Procter & Gamble set out in 2012 to become ‘the most digital company on the planet’, before the market was fully ready for such an extensive transformation. P&G severely over-invested in digitalisation at a time when there was too little potential return on investment to make the effort pay off. A more responsive approach with smaller digitalisation projects would have allowed critical areas of the business to stay ahead of the curve without crippling the day-to-day running of the organisation.
More recently, in 2018, candy manufacturer Haribo began to implement new ERP systems in several factories, but poor planning led to severe supply-chain issues, and the shortage of Haribo products in many retailers caused a 25% loss in sales for the year.
When digitalisation succeeds
As discouraging as these stories may seem, it’s vital not to lose sight of what successful digital transformations can bring. IKEA, taking an holistic approach to digitalisation, has tripled its rate of e-commerce over three years. Taking advantage of algorithm-based material sourcing and extensive analytics, the furniture giant has also changed warehouse floorplans and adapted physical distribution to maximise digital effectiveness.
Microsoft, as befits a world-leading tech giant, has adopted an ongoing digital transformation culture. Changing its revenue model from one of software sale to online license is an example of successful digital transformation.
Given the prominence of Microsoft as a service provider and key part of the business model of so many organisations, digitalisation for Microsoft is both internal and external. While Microsoft as an enterprise digitally transforms and adapts its internal processes, the products and services it offers change in kind. The Office/M365 suite gives a clear example, having evolved from a collection of separate productivity apps to a suite of interconnected and cloud-integrated solutions. For a richer understanding of how a service provider’s digital transformation can support and enable other enterprise’s digital transformations, See OGL’s analysis of Microsoft 365 for business.
Hasbro’s digital transformation also shows that digitalisation can be product-centric as well as business-centric. With Hasbro having historically specialised in physical toys and tabletop games, one could expect its digital transformation would be limited to distribution, the supply chain and e-commerce. Hasbro has instead found innovative ways to enter the digital marketplace with video-game versions of its tabletop games, online content creation and multimedia experiences.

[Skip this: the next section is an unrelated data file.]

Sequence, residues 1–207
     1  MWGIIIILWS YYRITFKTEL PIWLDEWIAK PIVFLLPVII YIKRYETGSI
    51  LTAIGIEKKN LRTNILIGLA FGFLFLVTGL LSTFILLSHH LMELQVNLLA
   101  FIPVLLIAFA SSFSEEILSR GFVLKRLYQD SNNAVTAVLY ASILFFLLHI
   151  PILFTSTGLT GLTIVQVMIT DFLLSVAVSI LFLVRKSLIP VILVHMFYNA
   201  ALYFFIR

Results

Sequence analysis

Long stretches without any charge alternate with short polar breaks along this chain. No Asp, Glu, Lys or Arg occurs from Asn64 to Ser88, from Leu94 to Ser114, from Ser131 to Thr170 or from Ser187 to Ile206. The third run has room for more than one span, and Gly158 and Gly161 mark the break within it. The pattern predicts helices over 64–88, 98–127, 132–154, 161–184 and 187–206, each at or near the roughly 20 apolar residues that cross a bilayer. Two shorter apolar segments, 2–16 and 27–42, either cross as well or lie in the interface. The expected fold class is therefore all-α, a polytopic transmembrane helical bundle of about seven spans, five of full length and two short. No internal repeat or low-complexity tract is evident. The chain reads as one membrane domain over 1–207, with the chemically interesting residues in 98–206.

Embracing the digital era with OGL
These examples of success and failure all give us a valuable opportunity to gain insight. One important thing to note about Haribo, HP and P&G is that all those companies have bounced back since their digitalisation difficulties. Far from abandoning digital transformation, they committed to improving their digital transformation processes and continuing to make positive internal changes. The ‘digital transformation failures’ that can look so discouraging are not examples of how digital transformation fails to improve the business, but examples of businesses failing their digital transformations.
The successful digital transformations show us that the best implementations are the ones which account for the needs and potential of the whole organisation. Innovative thought and a keen understanding of the business’ core competencies and potential for growth are the keys to success. Nonetheless, making a definite decision with full understanding of the means, processes and aims of digitalisation is an arduous task for any cyber executive to undertake alone.
Dedicated, expert advice from a specialist organisation that works one-on-one with its clients can help create a bespoke, future-proofed plan that gives a clear and adaptive way forward for digital transformation. OGL Computer Services offers a range of solutions that allow enterprises in any field to start unlocking the potential of digitalisation, with ongoing support to help the client respond swiftly and proactively to developments in the tech landscape.
The Covid-19 pandemic has introduced an urgent need to digitalise thoroughly, digitalise effectively and digitalise fast. Digital transformations have accelerated by seven years throughout the world, and as businesses and economies begin to recover, it has never been more important to make sure your business isn’t left behind. Check OGL’s digital transformation guides for more information. . Whether a comprehensive, managed transformation plan or dedicated software solutions are needed for digital transformation, the years of research, development, and experience at OGL can help any enterprise digitalise in the right way at the right time.